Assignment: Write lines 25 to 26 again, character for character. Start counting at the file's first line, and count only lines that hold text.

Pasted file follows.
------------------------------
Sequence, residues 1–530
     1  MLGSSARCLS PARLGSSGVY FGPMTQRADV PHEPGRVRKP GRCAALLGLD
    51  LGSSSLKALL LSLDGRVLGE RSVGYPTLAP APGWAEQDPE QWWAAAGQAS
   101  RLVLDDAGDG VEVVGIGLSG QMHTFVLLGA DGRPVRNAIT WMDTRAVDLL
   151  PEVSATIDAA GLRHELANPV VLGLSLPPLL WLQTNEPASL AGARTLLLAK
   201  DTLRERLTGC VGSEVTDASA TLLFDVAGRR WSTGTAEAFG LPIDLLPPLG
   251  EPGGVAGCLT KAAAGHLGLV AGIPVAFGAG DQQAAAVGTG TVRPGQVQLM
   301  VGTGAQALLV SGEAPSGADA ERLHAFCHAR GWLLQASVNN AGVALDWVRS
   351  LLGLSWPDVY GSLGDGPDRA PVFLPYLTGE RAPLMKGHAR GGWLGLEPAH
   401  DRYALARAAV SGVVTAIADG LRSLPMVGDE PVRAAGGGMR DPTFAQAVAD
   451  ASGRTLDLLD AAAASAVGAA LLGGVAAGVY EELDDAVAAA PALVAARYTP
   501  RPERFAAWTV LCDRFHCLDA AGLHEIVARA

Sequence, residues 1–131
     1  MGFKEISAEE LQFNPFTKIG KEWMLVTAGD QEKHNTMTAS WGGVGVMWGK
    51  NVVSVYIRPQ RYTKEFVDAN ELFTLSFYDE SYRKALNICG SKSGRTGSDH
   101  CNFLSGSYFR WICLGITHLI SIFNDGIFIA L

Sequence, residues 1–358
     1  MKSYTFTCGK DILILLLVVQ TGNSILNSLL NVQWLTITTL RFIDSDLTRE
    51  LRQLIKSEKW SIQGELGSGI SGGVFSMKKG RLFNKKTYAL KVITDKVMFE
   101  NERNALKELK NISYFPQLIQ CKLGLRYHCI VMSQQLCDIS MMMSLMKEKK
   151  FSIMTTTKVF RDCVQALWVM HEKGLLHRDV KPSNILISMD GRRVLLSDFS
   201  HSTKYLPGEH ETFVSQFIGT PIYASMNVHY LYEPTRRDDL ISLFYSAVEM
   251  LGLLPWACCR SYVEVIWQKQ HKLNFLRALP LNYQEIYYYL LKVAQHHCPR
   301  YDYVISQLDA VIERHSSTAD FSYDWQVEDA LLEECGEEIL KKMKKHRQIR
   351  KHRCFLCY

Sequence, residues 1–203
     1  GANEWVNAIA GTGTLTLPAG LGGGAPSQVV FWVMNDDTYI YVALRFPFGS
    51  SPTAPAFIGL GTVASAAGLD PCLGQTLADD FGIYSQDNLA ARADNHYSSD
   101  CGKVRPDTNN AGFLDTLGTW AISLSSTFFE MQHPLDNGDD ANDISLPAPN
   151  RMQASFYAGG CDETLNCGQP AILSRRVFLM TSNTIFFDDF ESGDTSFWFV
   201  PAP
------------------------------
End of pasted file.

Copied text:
   351  KHRCFLCY

Sequence, residues 1–203